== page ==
Annals of Science 51 (6):593-613 (1994)

Abstract
The study of micro-organisms in Britain in the early twentieth century was dominated by medical concerns, with little support for non-medical research. This paper examines the way in which microbes came to have a place in industrial contexts in the 1920s and early 1930s. Their industrial capacity was only properly recognized during World War I, with the development of fermentation processes to make required organic chemicals. Post-war research sponsored by chemical and food industries and the D.S.I.R. established the industrial significance of microbes. The primary focus here is the D.S.I.R. work which aimed to pull microbes away from medical concerns and promote the role of microbes in British industry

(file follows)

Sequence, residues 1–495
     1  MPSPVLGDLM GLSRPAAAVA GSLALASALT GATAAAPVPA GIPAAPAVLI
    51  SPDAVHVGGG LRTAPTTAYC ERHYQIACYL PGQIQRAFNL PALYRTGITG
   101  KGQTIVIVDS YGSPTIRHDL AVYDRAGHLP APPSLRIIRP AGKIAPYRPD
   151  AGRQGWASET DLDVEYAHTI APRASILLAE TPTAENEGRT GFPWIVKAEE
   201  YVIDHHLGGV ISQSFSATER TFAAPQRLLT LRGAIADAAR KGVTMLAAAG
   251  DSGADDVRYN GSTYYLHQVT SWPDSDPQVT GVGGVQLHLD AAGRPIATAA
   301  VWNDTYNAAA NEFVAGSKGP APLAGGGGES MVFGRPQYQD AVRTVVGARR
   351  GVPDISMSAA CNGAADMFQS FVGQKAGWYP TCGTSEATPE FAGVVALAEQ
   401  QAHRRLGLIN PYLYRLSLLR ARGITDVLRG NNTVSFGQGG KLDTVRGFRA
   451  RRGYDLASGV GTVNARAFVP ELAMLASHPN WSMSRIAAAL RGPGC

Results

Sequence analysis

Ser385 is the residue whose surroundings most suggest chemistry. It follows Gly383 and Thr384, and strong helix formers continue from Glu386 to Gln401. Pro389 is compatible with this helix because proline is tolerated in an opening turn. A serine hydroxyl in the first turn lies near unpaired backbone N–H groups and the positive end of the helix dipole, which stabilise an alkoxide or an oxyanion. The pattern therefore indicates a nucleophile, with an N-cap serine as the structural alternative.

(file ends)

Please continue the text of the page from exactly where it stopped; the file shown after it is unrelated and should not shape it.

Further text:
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DOI 10.1080/00033799400200451
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Specialization and Medical Mycology in the US, Britain and Japan.Aya Homei - 2008 - Studies in History and Philosophy of Science Part C: Studies in History and Philosophy of Biological and Biomedical Sciences 39 (1):80-92.
Specialization and Medical Mycology in the US, Britain and Japan.Aya Homei - 2008 - Studies in History and Philosophy of Science Part C: Studies in History and Philosophy of Biological and Biomedical Sciences 39 (1):80-92.

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